The Independent National Electoral Commission has asked the National Population Commission for the details of dead persons so that it (INEC) can remove their names from the voter register ahead of the 2019 elections.
The Chairman of INEC, Prof. Mahmood Yakubu, made the request when he visited the population commission in Abuja on Tuesday.
Yakubu said, “The National Population Commission is the registrar of births and deaths nationwide and INEC is responsible for voter registration as well as the cleaning up of the voter register by removing the names of dead persons from the same register.
“We would like to partner the population commission to make available to INEC all records of deaths of citizens since 2015 so that INEC can take the necessary steps to remove them from the voter register.
“We are confident that you will oblige us so that we can further clean up our voter register ahead of the 2019 general elections.”
When asked if INEC would be seeking the commission’s help in purging the voter register of underage persons, Yakubu said he was not sure if it was the duty of the population commission to do so.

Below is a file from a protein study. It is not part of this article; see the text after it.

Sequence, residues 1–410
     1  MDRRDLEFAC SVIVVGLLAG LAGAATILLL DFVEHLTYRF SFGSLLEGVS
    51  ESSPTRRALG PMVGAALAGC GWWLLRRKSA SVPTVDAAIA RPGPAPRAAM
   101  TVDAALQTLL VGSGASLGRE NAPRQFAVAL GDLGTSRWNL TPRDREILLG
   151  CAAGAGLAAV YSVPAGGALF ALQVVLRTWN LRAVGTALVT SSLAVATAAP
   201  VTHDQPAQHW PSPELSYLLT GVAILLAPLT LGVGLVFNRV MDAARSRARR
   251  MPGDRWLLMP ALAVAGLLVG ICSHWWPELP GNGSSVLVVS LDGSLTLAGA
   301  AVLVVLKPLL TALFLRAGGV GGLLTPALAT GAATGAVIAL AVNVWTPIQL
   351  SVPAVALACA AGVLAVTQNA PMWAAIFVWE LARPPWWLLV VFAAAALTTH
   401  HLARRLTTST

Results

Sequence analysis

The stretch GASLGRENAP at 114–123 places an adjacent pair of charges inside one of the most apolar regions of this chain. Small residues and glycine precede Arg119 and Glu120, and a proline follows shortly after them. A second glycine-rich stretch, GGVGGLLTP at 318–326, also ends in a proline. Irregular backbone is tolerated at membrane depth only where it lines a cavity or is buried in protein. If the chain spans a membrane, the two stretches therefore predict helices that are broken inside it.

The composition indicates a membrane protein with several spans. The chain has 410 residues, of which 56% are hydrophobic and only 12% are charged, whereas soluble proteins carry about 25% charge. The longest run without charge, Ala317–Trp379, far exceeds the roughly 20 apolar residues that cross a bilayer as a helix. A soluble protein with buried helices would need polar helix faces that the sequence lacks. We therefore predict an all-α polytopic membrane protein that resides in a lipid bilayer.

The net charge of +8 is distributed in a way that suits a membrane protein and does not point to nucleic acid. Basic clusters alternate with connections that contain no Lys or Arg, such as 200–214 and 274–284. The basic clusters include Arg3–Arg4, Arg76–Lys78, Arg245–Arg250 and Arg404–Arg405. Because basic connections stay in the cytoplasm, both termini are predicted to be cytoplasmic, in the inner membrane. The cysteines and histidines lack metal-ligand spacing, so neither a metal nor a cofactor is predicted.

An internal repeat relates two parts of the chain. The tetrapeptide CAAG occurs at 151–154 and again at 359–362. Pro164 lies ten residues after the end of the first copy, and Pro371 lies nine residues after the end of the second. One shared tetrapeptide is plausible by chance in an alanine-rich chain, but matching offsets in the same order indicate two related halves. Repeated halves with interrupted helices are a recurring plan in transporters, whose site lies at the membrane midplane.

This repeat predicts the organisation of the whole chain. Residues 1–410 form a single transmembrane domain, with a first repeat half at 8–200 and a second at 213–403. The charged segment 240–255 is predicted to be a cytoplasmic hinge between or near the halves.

Responding, the NPC Chairman, Mr. Eze Duruiheoma (SAN), said his commission would assist INEC in its task ahead of the 2019 elections.
“On the removal of dead persons from the register, I believe that is a wonderful vision. In the past this was overlooked and it ended up embarrassing everybody. We will attend to that request and give it the needed attention,” Duruiheoma said.
When asked if the commission had the statistics of births and deaths from 2015 till date, the senior advocate admitted that the agency did not have it.
He, however, said the 40 or 50 per cent statistics available would be made available to the electoral body.
Duruiheoma said, “Yes, we don’t pretend to have registered every death. In the same way we don’t pretend to have captured every birth. But there must be a starting point. Assuming in the last one year, we have registered 20,000 deaths. The 20,000 should be expunged from the register as a starting point.
“You must count one before counting two. So, that’s the collaboration between NpopC and INEC. We don’t have 100 per cent coverage on the registration of deaths in the same way we don’t have 100 per cent coverage of births. But at least the 45 or 50 per cent coverage we have is what we can give to INEC because it is what you have that you can give.”